Economic Forecast 2023: Staffing, Downtown development, financial services, entertainment, commercial real estate and community development | Jax Daily Record | Jacksonville Daily Record

Finding and retaining qualified workers remains among the top economic issues facing Northeast Florida business leaders in 2023, continuing their concerns through 2022.

Uncertainty, including the question of crisis, poses challenges.

Northeast Florida leaders offer their vision of how they plan to meet the challenges of the next 12 months.

staff

Amy Glazer

Senior Vice President, Business Operations, Adeco Group

The primary economic issue facing the staffing industry is the gap between what workers want and expect, and what employers are offering.

Amy Glazer

The staffing industry is more than filling open roles.

Our work is not transactional, but focuses on how to support people working together as a whole, while helping organizations future-proof their talent pipeline.

This is a very important role in today’s economic uncertainty and rapidly changing world of work.

We want to make a meaningful, lasting impact on people’s career journeys, and ensure our clients stand the test of time as equals.

City development

Elias Heonides

Vice President, Petra

The primary economic issue facing urban development is the increase in capital and the cost of renovating historic buildings.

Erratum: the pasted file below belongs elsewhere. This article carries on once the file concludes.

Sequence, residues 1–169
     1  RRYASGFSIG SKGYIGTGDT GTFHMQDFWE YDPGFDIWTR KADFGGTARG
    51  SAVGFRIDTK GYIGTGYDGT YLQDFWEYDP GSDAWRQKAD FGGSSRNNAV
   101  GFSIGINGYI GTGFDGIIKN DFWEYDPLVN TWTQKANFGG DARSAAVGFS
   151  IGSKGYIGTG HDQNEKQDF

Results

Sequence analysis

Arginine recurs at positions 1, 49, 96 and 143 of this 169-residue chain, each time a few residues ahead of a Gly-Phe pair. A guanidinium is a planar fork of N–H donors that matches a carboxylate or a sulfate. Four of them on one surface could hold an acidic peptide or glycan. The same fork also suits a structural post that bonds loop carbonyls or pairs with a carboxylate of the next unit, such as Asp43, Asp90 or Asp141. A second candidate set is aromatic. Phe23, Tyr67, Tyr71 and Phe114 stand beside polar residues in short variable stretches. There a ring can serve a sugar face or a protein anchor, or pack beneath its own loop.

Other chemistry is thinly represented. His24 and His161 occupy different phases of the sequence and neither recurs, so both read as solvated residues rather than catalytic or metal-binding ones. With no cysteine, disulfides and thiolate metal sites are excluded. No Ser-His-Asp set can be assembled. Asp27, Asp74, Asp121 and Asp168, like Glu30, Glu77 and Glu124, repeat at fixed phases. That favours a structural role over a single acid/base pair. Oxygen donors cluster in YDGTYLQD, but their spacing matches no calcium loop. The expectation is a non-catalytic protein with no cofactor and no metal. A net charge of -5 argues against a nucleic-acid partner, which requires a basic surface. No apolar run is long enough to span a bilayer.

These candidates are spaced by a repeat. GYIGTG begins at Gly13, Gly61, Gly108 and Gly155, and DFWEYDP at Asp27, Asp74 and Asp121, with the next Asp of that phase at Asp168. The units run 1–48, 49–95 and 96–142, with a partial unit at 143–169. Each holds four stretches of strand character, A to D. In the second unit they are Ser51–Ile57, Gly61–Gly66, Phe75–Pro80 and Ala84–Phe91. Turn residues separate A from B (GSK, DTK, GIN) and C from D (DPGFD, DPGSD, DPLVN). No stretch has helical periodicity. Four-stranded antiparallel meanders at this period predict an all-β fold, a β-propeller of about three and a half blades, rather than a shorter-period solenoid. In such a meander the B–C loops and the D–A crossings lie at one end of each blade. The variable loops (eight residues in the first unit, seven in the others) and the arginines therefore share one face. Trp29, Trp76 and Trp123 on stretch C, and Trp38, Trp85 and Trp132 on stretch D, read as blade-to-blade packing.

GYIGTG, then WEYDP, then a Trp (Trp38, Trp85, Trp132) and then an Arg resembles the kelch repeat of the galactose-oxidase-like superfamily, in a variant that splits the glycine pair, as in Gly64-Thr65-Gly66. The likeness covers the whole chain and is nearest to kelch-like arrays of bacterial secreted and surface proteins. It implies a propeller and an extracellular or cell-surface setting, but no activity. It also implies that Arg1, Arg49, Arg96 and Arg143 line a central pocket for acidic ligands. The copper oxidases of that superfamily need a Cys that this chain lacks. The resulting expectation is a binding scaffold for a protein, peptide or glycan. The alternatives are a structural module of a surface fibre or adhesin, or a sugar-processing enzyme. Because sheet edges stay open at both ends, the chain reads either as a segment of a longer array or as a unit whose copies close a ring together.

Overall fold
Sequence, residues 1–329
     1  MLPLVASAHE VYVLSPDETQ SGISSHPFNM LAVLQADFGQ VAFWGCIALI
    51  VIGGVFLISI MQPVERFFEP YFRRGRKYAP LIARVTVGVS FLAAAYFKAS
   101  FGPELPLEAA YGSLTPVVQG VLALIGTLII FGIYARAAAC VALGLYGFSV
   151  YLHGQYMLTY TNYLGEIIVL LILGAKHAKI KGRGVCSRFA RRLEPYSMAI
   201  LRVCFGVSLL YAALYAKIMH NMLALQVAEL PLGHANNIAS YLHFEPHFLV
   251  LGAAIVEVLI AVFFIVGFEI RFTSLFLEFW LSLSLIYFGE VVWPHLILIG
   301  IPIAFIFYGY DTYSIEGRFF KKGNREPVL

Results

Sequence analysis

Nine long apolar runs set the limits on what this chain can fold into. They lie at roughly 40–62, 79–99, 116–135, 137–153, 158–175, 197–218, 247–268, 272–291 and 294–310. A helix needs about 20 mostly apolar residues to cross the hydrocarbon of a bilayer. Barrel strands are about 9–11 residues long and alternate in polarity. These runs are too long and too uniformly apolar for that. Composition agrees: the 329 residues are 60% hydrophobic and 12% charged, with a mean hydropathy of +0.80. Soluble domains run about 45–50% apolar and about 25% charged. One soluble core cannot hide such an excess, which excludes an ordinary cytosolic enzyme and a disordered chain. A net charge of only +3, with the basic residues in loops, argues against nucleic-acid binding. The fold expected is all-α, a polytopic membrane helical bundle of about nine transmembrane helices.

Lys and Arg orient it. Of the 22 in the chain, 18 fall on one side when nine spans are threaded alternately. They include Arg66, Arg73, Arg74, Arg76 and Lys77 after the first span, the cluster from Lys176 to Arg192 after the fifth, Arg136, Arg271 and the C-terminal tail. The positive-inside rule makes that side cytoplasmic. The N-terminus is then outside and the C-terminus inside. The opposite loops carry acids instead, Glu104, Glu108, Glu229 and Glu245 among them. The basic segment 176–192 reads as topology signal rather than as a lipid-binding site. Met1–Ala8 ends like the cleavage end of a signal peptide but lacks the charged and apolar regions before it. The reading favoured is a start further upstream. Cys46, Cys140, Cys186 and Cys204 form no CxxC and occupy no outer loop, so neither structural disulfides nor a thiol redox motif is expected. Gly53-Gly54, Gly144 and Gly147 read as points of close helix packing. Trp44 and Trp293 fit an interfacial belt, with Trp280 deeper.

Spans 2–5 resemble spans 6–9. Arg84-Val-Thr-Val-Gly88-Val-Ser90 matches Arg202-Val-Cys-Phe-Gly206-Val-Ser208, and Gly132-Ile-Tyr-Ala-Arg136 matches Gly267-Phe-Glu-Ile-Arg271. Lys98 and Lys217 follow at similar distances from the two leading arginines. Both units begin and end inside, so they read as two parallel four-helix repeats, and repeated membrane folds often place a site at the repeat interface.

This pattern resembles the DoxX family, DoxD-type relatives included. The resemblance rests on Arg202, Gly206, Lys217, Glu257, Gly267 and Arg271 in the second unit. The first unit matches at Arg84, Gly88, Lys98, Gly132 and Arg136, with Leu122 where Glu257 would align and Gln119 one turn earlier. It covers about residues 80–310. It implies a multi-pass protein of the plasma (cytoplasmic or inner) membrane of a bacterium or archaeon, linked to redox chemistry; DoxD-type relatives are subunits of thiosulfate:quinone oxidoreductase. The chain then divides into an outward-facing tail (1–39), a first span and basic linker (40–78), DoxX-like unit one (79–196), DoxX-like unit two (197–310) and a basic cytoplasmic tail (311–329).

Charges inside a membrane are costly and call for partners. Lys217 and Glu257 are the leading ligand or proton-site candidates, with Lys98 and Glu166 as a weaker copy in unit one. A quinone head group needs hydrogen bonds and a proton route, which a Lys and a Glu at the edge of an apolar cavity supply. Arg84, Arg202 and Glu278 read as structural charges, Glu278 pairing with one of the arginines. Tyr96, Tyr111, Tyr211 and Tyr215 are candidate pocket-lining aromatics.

Elias Heonides

Downtown Jacksonville has a long way to go and this current trend has to go through higher prices.

Interest rate buying and continued reductions in construction materials and labor costs will be the strategies and factors we look forward to.

The number of residential units currently under construction will support further developments in retail, entertainment and hospitality over the next five years.

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My belief is that there is enough momentum to maintain high levels of growth despite changes in the macroeconomic landscape (and in Jacksonville as a whole).

Financial services

John Hirabashi

President and CEO, First Community Credit Union

A primary challenge facing the finance, credit union and banking industries is recruiting and retaining employees.

John Hirabashi

With today’s tough job market our entire industry faces this challenge, and Community First Credit Union is no exception.

Historically, our vacancy rate has been less than 5% of total budgeted positions. By 2022 it has grown to 8%.

On the employee retention front, we have historically retained 85% of our employees. By 2022 our rate has dropped to 74%.

To meet these challenges we have dedicated more resources to our recruitment efforts, hiring for cultural fit and alignment with the credit union’s purpose.

We invest a lot of time up front for new hires to learn their role and build relationships with their leadership and colleagues.

To ensure competitive salary and pay equity, we have evaluated all positions and made adjustments to be market competitive.

We implemented a 5% across-the-board COLA in May.

Most importantly, we educate our managers about the important role they play in maintaining direct reports.